But, there were more serious considerations involved in having women on the staff. A few years later, I found myself putting in a couple of years as Night Photo Editor and this gal was on my shift. This was the 60's and 70's and we were up to our necks in civil rights and anti war demonstrations and many of them erupted into violence, with injury and loss of life a commonplace occurrence. I only had three or four photographers working the night shift and one of them was this lady. Now, I am a sexist pig, but I do have concerns about the safety of my staff, especially the "weaker sex". When we sign on as staff photographers for a paper, it is implicit that there will be occasions where we will find ourselves in perilous situations. It's part of the territory. When I was on the street as a shooter, I had covered the aforementioned demonstrations and found myself dodging stones, bricks, cement blocks and even bullets. Now I was sending other photographers into harms way. It caused me enough anguish to send the men on my shift, but I had trouble sending this girl. I discussed this with my department head. He told me that my feelings were understandable, but, I had to treat her like any other photographer. It wasn't fair to the others if I kept her safe all the time, and sent them into the fracas, night after night.

He was right, of course. But, the first time that I put her into the rotation, I counseled her on what to watch for and not to take any unnecessary risks. She did just fine.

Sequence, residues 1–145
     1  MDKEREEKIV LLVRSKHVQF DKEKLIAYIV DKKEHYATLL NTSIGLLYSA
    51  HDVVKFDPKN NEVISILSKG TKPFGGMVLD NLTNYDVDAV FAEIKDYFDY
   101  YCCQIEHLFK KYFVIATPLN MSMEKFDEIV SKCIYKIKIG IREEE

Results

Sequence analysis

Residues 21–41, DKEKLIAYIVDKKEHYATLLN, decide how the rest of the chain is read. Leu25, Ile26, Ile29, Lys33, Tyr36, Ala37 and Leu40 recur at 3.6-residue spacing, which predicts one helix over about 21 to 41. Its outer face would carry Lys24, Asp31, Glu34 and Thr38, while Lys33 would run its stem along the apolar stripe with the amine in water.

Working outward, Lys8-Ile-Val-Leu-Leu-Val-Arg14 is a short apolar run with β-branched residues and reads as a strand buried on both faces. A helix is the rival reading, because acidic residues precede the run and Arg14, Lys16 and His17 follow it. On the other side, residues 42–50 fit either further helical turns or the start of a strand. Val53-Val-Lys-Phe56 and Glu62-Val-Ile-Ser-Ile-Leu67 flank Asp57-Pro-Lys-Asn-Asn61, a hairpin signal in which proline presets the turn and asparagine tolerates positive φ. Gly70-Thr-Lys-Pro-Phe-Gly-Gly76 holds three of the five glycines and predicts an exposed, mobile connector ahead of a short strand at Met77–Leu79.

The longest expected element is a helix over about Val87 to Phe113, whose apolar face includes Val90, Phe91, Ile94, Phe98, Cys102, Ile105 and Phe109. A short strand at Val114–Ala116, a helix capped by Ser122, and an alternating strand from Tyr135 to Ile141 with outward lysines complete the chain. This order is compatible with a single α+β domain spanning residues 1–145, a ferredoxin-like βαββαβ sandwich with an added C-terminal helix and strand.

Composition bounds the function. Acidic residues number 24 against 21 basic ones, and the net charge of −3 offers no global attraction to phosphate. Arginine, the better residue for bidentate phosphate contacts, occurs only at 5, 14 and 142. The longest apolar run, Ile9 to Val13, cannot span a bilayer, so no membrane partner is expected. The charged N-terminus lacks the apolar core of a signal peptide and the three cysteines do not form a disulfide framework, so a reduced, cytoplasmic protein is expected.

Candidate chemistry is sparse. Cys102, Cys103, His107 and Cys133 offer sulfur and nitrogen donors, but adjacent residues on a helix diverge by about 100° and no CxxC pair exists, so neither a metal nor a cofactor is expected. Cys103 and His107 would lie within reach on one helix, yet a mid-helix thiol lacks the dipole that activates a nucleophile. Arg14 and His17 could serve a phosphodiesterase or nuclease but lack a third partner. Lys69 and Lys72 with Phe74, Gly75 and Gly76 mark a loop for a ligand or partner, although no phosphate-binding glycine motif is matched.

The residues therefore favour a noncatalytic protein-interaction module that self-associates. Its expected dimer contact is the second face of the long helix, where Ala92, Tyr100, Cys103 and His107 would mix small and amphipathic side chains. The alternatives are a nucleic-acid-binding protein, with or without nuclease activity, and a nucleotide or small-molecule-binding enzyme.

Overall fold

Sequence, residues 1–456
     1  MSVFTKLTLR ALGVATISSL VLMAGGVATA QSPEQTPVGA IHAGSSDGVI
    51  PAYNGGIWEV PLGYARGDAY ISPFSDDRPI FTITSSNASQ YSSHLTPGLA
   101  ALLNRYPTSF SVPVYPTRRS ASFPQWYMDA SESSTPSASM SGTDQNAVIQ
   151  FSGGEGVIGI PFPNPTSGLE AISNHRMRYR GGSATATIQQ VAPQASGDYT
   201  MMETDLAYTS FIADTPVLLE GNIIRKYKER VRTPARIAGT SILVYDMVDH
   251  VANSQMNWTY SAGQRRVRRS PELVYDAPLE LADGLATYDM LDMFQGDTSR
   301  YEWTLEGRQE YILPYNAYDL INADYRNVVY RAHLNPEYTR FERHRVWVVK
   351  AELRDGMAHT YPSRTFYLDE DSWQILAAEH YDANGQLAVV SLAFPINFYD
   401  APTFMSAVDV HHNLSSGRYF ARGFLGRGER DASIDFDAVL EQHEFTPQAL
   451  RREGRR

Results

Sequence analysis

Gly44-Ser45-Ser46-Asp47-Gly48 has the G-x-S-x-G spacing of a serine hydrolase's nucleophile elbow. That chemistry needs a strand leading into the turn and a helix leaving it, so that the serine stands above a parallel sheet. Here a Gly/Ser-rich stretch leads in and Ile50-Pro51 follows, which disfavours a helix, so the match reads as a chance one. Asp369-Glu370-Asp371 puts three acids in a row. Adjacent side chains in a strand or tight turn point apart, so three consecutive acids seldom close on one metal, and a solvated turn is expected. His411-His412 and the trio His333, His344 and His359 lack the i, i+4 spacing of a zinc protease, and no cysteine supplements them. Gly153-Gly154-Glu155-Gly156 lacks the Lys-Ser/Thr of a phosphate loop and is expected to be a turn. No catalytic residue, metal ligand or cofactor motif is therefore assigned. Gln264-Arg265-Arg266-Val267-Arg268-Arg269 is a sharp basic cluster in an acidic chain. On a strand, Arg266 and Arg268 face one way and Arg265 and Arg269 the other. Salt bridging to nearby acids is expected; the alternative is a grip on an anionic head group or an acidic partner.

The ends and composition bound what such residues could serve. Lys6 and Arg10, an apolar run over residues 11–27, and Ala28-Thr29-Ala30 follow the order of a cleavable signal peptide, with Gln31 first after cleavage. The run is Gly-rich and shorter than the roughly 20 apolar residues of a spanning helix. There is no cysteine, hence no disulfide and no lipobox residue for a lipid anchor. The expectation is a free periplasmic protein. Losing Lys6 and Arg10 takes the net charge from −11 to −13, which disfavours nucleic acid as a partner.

Over the years we added more women to our staff, as photographers, darkroom techs and as editors. It was no longer a "good ol' boy's club."

Other papers were doing the same thing.

Once, I put my foot in my mouth (well, I've done that more than once) when I acted very boorishly to a young female photographer from the NY Post. She had just been hired and her being selected for the job annoyed me. There was another young photographer who had more experience and who happened to be a male, who had applied for the position. He was a very likeable person and a good shooter. She was just out of school and had no experience and it annoyed me that she had been selected over him. I felt that the choice was made because the head of the Post's Photo Department was a woman. So, on this particular day, I was standing outside of the police line at a fire that had killed a couple of volunteer firemen. This young woman, about whom I am writing, took a position next to me.

"Hi," she says. "What's the exposure?" An innocent question and one that we have all asked rather than dragging out our own exposure meter and taking a reading. (This was in the days before built-in meters.)

The bristles went up on the nape of my neck. I was still rankled at her being hired instead of the young man. I had known this young lady for a few years. When she was a high school student, she used to attend the Press Photographers of Long Island meetings with her school camera club mentor.

I stared at her for a moment. "If you consider yourself a professional now, you would take your own exposure reading instead of bothering others."

Jeez! I wish that I hadn't said that. It was over 35 years ago, and in spite of our long association which has grown into a treasured friendship, she has never really forgiven me for those words. And, I don't blame her. I haven't forgiven myself.

Life goes on. Women are an integral part of news photography. I have learned to soften my sexist attitudes and I do believe that towards the end of my career, I have accepted women in photojournalism as partners in a noble profession. I had no trouble working with my last Photo Editor, who was a young female. I respected her news judgment and her ability to select my images.



Dick Kraus